by Wilfred Okiche
Emem Isong must be commended for breathing new life into the romantic comedy sub-species of film (and the chick flicks generally). She did not create the genre but she certainly owns it now. Her movies, from “Games Women Play” to “Reloaded” always feature strong women characters and this one is no exception.
As a rom-com, this one succeeds – mostly.It has beautiful women and dashing men cavorting around in choice locations, behaving badly and doing their best to make us laugh. The laughs come fast and hard and even the most stoic viewer is bound to crack a smile at some point.
The picture quality is excellent but sound could have been better. The screenplay starts out beautifully, then switches from good to bad, back to good again and ends pretty badly. The dialogue between the actors, especially the leads is witty and engaging but then it begins to take itself too seriously, tries too hard to impress, and in the process veers off into parody.
The casting gets it right with the choice of leads; Monalisa Chinda is fantastic as the Ice Queen with a soft core within. Her body language screams “I do not hook up” but all she really wants is the right man, to fall deeply in love with. And she is saying that silently. Joseph Benjamin (Tango With Me) plays the smooth talking lothario so effortlessly, it does not seem like he is acting.
The sub-leads are not quite as stellar though. Desmond Elliot seems to be more pre-occupied with directing and does not seem to fit in. Uche Jombo is the queen of the supporting roles but perhaps she should stick with the dramatic acting as it suits her style better, plus she does tend to over act. But the biggest crime was casting Nse Ikpe Etim – an actress tragically underused since her re-entrance into the industry – as the best friend. She was a revelation in ‘Reloaded” and was the life and soul of “Guilty Pleasures”, proving she could carry a movie. Her talent far eclipses the poor choices of roles she has taken on since then, this one inclusive. It seems Nollywood hasn’t figured out what to do with her yet.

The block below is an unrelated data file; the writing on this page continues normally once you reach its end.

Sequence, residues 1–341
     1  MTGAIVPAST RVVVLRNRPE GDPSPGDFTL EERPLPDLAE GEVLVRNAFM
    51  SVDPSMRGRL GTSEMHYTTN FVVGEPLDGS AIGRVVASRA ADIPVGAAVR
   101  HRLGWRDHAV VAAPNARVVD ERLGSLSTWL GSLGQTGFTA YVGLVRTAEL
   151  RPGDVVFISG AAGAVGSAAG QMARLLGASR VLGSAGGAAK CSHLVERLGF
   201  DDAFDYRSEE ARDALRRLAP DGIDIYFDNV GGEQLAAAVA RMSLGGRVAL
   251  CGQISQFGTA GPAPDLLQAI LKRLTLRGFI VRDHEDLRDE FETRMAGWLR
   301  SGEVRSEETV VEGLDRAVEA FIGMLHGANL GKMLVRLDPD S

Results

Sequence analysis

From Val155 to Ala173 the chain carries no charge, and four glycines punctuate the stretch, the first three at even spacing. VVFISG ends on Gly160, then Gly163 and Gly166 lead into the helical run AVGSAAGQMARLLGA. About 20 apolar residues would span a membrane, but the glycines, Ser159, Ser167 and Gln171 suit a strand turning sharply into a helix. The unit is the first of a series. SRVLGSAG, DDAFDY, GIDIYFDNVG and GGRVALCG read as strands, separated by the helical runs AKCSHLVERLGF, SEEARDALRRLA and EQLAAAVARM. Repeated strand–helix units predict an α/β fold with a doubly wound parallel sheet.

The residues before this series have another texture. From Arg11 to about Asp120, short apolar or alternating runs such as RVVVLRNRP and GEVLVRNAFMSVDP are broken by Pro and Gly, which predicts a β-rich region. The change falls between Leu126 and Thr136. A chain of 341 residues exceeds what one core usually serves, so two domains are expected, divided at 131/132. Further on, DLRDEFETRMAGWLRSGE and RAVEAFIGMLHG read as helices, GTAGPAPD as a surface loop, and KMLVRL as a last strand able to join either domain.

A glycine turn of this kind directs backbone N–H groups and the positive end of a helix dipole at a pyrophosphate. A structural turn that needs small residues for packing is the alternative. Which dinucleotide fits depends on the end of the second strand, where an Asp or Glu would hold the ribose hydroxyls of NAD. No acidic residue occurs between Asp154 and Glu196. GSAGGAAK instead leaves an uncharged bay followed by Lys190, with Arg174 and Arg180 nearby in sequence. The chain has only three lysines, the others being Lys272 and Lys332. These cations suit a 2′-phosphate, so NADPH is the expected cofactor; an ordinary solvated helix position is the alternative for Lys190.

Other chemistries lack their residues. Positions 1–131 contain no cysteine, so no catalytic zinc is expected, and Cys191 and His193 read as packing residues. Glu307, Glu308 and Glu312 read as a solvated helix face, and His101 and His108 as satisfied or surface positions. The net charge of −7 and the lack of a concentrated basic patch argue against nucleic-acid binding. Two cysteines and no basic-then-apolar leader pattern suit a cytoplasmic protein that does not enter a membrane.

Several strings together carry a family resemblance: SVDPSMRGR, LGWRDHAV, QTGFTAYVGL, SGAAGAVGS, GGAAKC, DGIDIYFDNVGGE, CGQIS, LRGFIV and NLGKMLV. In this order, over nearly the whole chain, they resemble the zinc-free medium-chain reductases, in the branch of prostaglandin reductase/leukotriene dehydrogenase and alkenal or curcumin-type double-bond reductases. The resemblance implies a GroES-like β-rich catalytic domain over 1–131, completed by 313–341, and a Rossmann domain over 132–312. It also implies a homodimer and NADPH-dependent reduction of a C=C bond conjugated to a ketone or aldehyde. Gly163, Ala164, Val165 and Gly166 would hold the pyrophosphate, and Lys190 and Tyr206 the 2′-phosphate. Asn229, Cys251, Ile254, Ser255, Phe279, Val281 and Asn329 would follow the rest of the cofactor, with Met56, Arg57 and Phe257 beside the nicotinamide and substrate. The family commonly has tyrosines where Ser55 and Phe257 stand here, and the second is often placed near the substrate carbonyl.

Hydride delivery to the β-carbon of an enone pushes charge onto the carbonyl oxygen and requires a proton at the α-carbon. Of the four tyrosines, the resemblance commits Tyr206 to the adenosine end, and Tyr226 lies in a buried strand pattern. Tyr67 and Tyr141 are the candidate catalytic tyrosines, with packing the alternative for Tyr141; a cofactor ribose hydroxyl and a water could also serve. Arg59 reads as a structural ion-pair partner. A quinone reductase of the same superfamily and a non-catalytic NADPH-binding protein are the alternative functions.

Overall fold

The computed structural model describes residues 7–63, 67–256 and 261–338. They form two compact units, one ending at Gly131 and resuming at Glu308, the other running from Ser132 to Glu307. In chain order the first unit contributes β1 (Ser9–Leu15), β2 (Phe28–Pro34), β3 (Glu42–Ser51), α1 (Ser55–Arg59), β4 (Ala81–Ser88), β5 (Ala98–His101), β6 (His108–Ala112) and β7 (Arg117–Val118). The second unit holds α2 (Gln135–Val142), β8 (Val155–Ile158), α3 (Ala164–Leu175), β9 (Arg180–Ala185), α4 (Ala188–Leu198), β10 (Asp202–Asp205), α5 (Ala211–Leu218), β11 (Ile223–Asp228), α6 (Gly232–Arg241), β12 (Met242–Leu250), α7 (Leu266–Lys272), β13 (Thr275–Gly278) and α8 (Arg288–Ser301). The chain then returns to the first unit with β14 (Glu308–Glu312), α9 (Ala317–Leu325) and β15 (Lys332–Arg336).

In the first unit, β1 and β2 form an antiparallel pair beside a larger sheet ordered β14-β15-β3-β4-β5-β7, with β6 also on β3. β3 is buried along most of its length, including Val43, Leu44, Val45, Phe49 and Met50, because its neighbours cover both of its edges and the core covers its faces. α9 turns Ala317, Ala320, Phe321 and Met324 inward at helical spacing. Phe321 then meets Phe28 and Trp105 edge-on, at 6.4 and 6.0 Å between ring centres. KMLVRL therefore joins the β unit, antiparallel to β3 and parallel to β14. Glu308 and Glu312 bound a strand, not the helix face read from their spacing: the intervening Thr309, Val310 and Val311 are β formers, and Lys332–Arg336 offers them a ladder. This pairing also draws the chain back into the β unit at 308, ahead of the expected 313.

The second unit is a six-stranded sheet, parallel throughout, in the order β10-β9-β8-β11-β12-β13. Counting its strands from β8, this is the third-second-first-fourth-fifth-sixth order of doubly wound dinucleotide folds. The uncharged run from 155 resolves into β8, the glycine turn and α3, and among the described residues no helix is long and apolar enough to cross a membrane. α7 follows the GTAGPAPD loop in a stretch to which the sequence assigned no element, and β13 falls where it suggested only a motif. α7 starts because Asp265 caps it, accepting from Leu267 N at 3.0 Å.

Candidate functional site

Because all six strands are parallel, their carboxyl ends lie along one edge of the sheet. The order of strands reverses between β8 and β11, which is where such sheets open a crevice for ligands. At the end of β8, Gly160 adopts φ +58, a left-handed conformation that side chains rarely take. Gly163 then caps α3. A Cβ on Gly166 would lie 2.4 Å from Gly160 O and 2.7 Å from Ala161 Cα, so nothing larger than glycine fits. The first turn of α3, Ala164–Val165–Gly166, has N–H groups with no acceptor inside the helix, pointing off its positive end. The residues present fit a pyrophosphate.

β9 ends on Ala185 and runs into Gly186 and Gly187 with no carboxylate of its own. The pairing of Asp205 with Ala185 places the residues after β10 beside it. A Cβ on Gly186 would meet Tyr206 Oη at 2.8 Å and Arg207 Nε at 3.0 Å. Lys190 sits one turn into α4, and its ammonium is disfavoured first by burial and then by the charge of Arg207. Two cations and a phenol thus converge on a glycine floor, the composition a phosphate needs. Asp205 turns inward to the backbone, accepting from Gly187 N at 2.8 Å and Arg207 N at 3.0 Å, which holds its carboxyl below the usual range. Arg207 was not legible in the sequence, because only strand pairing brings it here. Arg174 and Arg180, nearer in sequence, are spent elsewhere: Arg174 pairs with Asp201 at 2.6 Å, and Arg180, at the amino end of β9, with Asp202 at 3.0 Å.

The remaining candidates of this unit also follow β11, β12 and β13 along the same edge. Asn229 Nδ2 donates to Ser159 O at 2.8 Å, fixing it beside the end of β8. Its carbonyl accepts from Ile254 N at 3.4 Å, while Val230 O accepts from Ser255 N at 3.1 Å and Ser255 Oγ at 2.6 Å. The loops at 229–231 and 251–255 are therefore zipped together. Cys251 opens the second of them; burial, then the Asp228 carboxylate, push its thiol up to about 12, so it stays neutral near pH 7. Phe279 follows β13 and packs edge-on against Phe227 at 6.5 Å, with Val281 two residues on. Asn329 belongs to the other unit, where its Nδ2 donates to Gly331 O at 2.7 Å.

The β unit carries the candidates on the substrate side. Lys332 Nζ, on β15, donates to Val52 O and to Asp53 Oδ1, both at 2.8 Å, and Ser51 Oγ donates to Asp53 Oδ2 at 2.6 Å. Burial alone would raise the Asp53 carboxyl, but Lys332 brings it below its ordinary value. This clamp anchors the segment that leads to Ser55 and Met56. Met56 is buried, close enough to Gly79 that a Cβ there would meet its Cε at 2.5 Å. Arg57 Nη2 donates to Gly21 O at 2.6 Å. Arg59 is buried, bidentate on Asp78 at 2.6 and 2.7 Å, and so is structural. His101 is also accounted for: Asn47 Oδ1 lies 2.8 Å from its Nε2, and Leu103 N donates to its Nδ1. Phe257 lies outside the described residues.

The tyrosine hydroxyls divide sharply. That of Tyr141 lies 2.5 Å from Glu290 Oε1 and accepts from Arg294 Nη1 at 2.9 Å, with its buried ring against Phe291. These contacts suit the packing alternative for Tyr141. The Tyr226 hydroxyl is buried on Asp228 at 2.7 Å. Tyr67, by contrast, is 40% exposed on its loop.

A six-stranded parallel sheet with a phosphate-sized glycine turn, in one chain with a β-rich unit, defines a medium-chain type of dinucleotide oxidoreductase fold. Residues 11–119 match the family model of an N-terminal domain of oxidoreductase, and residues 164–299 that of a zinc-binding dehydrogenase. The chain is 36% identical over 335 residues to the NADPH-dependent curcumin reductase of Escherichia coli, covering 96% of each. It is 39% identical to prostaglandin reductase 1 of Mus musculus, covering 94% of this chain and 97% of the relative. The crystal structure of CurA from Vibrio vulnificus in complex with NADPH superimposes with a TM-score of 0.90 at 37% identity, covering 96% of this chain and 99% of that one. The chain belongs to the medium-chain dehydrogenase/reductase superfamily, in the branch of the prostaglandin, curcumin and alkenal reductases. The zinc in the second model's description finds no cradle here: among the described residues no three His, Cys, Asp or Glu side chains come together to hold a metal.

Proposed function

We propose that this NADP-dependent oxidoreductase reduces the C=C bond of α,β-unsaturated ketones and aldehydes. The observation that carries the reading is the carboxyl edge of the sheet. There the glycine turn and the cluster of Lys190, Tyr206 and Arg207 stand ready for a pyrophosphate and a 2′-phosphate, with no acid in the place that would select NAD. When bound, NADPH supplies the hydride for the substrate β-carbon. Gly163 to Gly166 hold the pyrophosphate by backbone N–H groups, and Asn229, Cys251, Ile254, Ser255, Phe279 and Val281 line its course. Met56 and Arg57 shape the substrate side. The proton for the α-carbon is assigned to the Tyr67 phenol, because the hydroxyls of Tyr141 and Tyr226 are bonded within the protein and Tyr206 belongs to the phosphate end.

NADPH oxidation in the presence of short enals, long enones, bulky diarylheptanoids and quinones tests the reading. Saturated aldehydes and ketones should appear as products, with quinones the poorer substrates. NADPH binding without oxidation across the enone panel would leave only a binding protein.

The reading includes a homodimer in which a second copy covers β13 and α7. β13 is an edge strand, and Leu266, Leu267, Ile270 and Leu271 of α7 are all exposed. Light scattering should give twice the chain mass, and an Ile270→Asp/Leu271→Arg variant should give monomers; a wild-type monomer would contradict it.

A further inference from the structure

Character development was lacking. The writers seemed to hijack a combination of roles from previous movies and the unfortunate result leaves you with a nagging feeling that you have come across these characters before, making it difficult establishing connection with them. A movie is – and should be – more than the sum of it’s popular names or faces.
The producers could not resist the monetary temptation of splitting the movie into two parts upon DVD release and therein lies it’s biggest flop. About an hour in, it drifts off, with a lot of filler scenes and you lose interest such that by the time the scene with the Scarface poster comes on, you almost wish you were watching that classic instead.
The way the leads built their chemistry, eyeballing each other and talking about getting down and dirty, having wild, freaky sex got us all expectant with excitement but the actual act itself was a fizzle, just two shadows simulating action, and not even in the good way. Major turn off. The sub-plot with the gospel singer was underdeveloped and should have been left off in the first place.
Kiss & Tell succeeds in it’s purpose. Genuinely funny, it works as a no-brainer feel good movie. Expecting something more would be akin to hoping Paris Hilton wins an Oscar in 2012.